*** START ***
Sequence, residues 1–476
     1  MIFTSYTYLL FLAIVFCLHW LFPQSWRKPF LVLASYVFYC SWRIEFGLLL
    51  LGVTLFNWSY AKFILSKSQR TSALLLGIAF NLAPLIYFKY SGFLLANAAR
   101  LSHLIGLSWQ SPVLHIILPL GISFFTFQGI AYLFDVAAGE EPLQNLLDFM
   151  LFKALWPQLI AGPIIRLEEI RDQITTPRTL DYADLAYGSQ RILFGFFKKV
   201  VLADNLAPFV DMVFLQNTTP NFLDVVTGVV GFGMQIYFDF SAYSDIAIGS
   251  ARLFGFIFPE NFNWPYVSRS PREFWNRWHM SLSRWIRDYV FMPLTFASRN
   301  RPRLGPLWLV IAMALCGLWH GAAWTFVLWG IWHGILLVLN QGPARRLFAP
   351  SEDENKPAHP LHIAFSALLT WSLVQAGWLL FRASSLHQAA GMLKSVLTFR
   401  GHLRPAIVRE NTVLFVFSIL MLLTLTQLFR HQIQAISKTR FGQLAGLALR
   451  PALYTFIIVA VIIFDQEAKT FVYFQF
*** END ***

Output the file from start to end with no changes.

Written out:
Sequence, residues 1–476
     1  MIFTSYTYLL FLAIVFCLHW LFPQSWRKPF LVLASYVFYC SWRIEFGLLL
    51  LGVTLFNWSY AKFILSKSQR TSALLLGIAF NLAPLIYFKY SGFLLANAAR
   101  LSHLIGLSWQ SPVLHIILPL GISFFTFQGI AYLFDVAAGE EPLQNLLDFM
   151  LFKALWPQLI AGPIIRLEEI RDQITTPRTL DYADLAYGSQ RILFGFFKKV
   201  VLADNLAPFV DMVFLQNTTP NFLDVVTGVV GFGMQIYFDF SAYSDIAIGS
   251  ARLFGFIFPE NFNWPYVSRS PREFWNRWHM SLSRWIRDYV FMPLTFASRN
   301  RPRLGPLWLV IAMALCGLWH GAAWTFVLWG IWHGILLVLN QGPARRLFAP
   351  SEDENKPAHP LHIAFSALLT WSLVQAGWLL FRASSLHQAA GMLKSVLTFR
   401  GHLRPAIVRE NTVLFVFSIL MLLTLTQLFR HQIQAISKTR FGQLAGLALR
   451  PALYTFIIVA VIIFDQEAKT FVYFQF